Over the last 18 months, many people have been searching for local activities or getaways. Hiking trails are experiencing more foot traffic, campsites are fully occupied, and water crafts are sold out nearly everywhere. More and more people are safely enjoying the outdoors and sharing local experiences with family and friends.
Experiencing the Farm
Agritourism activities have become a great way for people to reconnect with family, friends and nature. For many city folks, agritourism is a great opportunity for them to wander outside of the city, and experience and learn about agriculture. Pick-Your-Own farm visits and crop tours allow visitors to step on the field and be included in the process. [Check out TCOG’s U-Pick Etiquette: What To Do, Or Not To Do, When Picking Berries.] Agritourism can also include other activities that occur on the farmer’s property, such as fishing, horseback riding, hiking and glamping. These outdoor activities create unique travel experiences for the visitor (and are great photo opportunities for Gen Zers!).
Organic agritourism is fairly similar, except the farmer’s focus is towards promoting their organic farm or agricultural business. As stated by Donatella Privitera, organic agritourism places an emphasis on the protection and conservation of the natural environment while protecting the diversity of the ecosystem. This applies to all aspects of the farm’s activities, including roadways and any transportation system on the property.
Similarly to traditional tourism, organic agritourism is a great opportunity for farmers to teach visitors about farming — this time about organic farming! It allows the visitors to learn about the techniques and benefits of organic agriculture and potentially integrate these practices into their own lives.
Benefits for Farmers
Agritourism has many benefits for the farmer and the consumer. By inviting consumers to visit the farm, farmers gain an additional income. As many of the resources are already available on the farm, agritourism also does not necessarily require a large investment from the farmer.
Consumers also gain exposure to a variety of products and services, whether it’s the produce that’s grown on the farm, or products made from ingredients from the farm (e.g., honey, jams, pies, etc.). Direct-to-consumer sales also give farmers more control over the price that they charge to consumers.
Benefits for the Local Community
Agritourism also benefits the local rural community. As more people travel to and visit the agritourism activity, smaller communities receive more attention from visitors. Local restaurants, stores and attractions gain indirect exposure and promotion as a result. As well, farmers that expand their business to include tourism also create more job opportunities for the local community. Who knows, it might even influence the younger generation to join the farming industry!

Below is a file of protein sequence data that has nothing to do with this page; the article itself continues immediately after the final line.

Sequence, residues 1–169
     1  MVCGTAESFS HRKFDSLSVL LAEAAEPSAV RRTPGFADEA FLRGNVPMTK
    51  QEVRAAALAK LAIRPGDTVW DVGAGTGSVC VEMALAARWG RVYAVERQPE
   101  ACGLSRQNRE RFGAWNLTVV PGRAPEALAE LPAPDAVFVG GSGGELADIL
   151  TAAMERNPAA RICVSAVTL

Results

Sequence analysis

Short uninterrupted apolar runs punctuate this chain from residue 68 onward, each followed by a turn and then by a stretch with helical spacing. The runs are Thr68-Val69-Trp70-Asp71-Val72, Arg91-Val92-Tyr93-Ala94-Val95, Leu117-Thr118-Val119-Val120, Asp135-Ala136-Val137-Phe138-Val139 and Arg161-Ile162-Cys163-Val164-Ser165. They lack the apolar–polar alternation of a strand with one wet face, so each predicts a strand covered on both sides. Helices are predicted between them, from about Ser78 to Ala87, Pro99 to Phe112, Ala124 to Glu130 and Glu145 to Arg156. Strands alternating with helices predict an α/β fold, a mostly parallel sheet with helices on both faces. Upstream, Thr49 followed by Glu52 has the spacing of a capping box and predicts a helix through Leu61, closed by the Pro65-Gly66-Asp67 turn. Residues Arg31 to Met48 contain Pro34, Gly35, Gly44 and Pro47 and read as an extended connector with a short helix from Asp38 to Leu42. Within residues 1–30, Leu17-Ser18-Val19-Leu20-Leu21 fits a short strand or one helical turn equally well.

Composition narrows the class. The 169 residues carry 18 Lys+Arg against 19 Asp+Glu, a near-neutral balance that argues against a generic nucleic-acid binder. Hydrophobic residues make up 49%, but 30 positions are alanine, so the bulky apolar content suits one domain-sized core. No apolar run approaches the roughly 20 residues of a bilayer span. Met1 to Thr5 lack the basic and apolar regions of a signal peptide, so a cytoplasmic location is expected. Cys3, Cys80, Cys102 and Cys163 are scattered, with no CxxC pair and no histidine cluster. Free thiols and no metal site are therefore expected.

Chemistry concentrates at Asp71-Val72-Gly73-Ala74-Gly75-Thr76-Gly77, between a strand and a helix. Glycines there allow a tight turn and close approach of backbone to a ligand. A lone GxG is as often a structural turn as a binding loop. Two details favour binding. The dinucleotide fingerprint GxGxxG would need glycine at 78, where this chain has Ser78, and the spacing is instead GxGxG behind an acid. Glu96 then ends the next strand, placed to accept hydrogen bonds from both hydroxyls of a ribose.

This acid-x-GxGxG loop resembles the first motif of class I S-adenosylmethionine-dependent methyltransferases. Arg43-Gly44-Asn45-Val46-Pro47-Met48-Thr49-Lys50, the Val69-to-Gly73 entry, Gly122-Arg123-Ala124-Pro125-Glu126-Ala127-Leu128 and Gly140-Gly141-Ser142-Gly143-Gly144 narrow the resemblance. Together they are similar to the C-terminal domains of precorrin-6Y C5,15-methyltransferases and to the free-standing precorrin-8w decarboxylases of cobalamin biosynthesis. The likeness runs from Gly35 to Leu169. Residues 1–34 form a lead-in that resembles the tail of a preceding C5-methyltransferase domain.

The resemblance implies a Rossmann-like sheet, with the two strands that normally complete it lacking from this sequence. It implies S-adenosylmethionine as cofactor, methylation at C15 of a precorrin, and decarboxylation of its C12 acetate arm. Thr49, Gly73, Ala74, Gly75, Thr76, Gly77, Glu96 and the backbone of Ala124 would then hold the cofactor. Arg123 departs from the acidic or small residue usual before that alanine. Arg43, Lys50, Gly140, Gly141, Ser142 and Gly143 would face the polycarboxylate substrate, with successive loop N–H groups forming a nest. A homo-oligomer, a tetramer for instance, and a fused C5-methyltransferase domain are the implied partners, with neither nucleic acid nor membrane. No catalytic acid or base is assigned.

Drawbacks to Consider
However, while agritourism is an enticing business expansion for farmers, there are a few drawbacks to consider. Starting an agritourism business involves more responsibilities. It is no longer solely about growing and maintaining the crops. An agritourism business requires additional labour, marketing expenses, and building customer relationships. This also requires more time and additional skills. Since business management requires a different skill set than farming, farmers need to be prepared to invest more time in building their communication, marketing and human resource skills.
Agritourism also comes with an increased liability risk. As farmers invite visitors to their property, they become responsible for the well-being and safety of their guests. Farmers need to be aware of the potential risks and lawsuits that might arise if there is an incident on the farm. As stated by the Ontario Ministry of Agriculture, Food, and Rural Affairs, it is important for farmers to identify and assess the potential hazards, dangers and risk areas on the farm. This allows farmers and agritourism business operators to eliminate or minimize any potential liability issues. Farmers should also disclose any potential dangers to their guests upon arrival.
Resources for Farmers
Local, provincial and federal governments have a variety of resources available to help farmers establish and convert their farm to include agritourism in their business model. The governments of British Columbia, Ontario, Manitoba have created detailed fact sheets and/or manuals to guide farmers in developing an agritourism business.
Grants are also available to farmers. The Canadian Experience Fund supports the culinary tourism industry, and local and rural communities to create and improve their tourism experiences. Interested farmers and/or agriculture business operators should consult their Regional Development Agency’s website for more information.